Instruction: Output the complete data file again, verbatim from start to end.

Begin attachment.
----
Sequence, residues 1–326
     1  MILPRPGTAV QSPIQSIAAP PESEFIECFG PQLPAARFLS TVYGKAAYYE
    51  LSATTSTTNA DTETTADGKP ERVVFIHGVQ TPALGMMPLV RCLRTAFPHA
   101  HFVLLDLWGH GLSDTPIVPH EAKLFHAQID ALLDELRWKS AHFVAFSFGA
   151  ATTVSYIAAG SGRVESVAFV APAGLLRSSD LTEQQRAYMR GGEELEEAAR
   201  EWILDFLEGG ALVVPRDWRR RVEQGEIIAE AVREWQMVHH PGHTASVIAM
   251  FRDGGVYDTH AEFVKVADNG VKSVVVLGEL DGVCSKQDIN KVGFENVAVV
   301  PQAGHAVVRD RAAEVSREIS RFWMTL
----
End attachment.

Sequence, residues 1–326
     1  MILPRPGTAV QSPIQSIAAP PESEFIECFG PQLPAARFLS TVYGKAAYYE
    51  LSATTSTTNA DTETTADGKP ERVVFIHGVQ TPALGMMPLV RCLRTAFPHA
   101  HFVLLDLWGH GLSDTPIVPH EAKLFHAQID ALLDELRWKS AHFVAFSFGA
   151  ATTVSYIAAG SGRVESVAFV APAGLLRSSD LTEQQRAYMR GGEELEEAAR
   201  EWILDFLEGG ALVVPRDWRR RVEQGEIIAE AVREWQMVHH PGHTASVIAM
   251  FRDGGVYDTH AEFVKVADNG VKSVVVLGEL DGVCSKQDIN KVGFENVAVV
   301  PQAGHAVVRD RAAEVSREIS RFWMTL